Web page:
Mace foods, a large scale producer of dehydrated spices, herbs, vegetables and chillies based in Eldoret-Kenya is in the value-added market place where they engage small, medium and large scale farmers in the farming, production and processing of chillies for export
Founded 17 years ago, Margaret Komen, CEO Mace foods tells us that her passion has always been agribusiness and its value chain.
“In October 2001 when I first got to attend the ANUGA food fair, I was informed by the Kenyan booth through the Kenyan Trade Consular in Berlin, Germany that chillies had a good market place in Europe. I came back home, after my studies, embarked on researching and finally developed samples which I sent to some of the clients I had interacted with at the trade fair and to my surprise, I got my first export order in 2003.” She said.
The company which specializes in two MAIN segments of the agribusiness industry, spices and ethnic foods offer world-class processing of five varieties of hot chillies for both pharmaceutical and food industries and Ethnic/Indigenous segment where they produce, process and market African leafy vegetables and assorted indigenous foods, has ready market access not only in the country but also abroad.
“So far, everything has been going on well, and we have managed to extend our market to Europe; Specifically, Germany, Italy, UK and Spain where we are the market leaders.” She added.
Most of the chillies they export to these areas are African Bird’s eye chillies which are a hot commodity on the global market, premium-grade and top product for high-quality conscious customers.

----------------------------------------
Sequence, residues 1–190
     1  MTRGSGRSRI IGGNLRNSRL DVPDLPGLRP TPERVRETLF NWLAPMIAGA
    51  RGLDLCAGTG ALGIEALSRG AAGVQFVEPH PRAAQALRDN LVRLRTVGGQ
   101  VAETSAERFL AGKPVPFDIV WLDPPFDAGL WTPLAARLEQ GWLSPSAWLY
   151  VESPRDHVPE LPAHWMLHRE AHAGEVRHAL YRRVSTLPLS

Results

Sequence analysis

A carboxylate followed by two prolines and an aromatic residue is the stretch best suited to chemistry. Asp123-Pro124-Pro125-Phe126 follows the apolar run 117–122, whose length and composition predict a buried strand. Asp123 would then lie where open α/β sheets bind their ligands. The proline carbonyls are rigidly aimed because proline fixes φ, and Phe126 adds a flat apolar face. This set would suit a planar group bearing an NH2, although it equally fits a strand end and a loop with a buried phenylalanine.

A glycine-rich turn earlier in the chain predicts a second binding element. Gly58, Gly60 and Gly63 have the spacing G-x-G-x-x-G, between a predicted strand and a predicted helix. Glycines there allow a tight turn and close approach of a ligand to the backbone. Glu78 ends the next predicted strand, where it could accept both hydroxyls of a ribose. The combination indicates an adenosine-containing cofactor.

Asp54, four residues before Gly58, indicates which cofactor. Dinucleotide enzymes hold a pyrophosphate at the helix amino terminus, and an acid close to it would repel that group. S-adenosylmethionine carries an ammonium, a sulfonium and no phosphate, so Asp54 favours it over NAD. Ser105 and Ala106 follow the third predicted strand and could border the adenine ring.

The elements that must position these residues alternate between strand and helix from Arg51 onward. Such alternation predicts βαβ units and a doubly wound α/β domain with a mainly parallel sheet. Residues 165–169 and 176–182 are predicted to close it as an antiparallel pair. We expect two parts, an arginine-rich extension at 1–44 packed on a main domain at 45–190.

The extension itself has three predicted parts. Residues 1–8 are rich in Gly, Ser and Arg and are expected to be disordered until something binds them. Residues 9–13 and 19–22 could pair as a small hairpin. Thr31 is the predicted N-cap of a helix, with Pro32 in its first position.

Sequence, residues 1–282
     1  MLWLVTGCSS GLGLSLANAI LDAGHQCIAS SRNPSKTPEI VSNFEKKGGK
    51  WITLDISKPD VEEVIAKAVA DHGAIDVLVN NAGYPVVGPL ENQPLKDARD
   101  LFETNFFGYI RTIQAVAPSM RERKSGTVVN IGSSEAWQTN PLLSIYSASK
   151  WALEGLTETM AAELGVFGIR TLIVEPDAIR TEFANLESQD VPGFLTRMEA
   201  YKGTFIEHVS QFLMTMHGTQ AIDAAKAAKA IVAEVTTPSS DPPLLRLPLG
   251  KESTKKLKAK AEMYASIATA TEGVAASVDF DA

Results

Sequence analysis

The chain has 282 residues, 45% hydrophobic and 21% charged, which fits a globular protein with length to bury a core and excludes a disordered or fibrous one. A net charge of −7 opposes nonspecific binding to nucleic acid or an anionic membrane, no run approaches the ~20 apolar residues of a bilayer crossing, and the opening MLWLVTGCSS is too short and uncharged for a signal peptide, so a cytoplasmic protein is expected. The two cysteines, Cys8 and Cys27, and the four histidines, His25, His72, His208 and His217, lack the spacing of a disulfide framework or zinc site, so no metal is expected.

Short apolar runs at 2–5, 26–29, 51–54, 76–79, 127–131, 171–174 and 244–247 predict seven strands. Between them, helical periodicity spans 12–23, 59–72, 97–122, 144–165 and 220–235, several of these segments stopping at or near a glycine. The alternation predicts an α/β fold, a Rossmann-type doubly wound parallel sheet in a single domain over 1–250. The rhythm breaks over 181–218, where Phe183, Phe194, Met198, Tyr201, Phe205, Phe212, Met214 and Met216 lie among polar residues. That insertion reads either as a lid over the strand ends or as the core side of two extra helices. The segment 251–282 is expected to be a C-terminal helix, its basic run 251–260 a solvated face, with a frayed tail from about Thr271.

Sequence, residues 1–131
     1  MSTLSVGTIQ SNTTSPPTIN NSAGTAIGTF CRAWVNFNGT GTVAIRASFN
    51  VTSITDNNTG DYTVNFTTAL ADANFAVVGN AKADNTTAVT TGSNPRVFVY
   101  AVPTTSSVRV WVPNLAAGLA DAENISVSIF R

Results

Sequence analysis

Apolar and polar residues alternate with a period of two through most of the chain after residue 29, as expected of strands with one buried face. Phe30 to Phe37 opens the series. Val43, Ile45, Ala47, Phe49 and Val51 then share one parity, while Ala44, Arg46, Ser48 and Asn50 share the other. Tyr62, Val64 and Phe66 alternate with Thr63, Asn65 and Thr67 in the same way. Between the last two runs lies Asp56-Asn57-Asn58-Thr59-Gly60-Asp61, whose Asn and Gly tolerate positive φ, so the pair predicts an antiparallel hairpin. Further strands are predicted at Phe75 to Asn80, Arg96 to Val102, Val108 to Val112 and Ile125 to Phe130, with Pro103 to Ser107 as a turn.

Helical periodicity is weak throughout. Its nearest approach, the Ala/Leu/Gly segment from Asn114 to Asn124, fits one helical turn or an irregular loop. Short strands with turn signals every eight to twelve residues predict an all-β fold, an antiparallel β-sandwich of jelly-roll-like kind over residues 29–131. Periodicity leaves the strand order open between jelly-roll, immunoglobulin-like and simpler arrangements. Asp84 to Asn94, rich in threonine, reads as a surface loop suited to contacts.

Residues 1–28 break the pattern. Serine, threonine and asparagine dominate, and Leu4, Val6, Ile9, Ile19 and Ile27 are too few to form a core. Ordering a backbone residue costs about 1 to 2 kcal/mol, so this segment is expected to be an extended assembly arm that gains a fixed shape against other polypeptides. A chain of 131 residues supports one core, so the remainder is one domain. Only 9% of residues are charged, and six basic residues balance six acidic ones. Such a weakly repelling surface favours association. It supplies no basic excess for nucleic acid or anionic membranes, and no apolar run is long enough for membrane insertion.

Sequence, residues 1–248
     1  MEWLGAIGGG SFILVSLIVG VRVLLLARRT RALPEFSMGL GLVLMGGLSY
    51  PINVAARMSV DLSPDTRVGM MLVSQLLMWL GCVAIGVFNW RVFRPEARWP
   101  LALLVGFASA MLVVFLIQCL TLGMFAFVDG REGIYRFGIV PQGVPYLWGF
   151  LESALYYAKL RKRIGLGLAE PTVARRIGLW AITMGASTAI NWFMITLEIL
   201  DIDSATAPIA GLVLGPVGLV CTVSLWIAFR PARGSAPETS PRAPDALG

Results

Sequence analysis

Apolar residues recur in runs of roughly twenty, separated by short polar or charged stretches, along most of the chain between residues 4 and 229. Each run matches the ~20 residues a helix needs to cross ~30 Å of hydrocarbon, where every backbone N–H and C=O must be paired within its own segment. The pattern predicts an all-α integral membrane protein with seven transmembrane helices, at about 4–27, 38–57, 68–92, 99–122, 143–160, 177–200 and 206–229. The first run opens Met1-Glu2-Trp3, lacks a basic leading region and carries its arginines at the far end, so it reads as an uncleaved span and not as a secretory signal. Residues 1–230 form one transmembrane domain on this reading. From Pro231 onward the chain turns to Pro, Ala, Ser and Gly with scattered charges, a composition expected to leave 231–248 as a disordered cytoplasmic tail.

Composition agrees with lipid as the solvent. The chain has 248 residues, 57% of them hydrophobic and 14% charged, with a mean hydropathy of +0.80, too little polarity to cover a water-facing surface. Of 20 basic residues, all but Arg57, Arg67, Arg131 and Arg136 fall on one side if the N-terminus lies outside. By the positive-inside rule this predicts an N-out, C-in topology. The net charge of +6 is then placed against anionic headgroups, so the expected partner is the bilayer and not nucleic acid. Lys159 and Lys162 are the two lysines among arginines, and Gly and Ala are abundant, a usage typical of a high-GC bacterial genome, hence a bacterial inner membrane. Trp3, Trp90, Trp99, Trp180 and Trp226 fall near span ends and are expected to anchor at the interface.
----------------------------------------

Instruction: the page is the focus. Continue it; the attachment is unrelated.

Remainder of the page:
“There is a huge market demand for African bird’s eye chillies, and this represents an incredible opportunity for small scale chilli farmers that we work with.” Said Mary.
Small scale chilli farmers always find it hard to meet their full market potential, especially in the global space. Market inefficiencies and supply constraints impede the farmers from accessing lucrative markets yearly.
Mace foods have made this easier for these farmers through the delivery of technical expertise and support. They have developed processing and marketing systems needed to meet high-value market standards, and now farmers can demand a high price for their produce.
However, Mary informs us that a company cannot be successful without partnering with other companies. Some challenges need an immediate response, and that only means joining hands with others.
The company has received tremendous support from Kenya Climate Ventures, a branch of Kenya Climate Centre that deals with impact investing. “Initially, we had financial constraints when it comes to acquiring machinery, but through KCV, we have received funds and now we can purchase the machinery, construct a new factory, rebrand all our products and hire consultants to help us in various needs. “She said.
She is hoping that KCV will continue supporting them now that they are on a great move to growth and prosperity and look forward to expanding their market to France after Center for the Promotion of Imports from developing countries(CBI) noting that Kenya is one of the medium to large suppliers of chilli to the European Union majorly Germany, Italy, UK and France.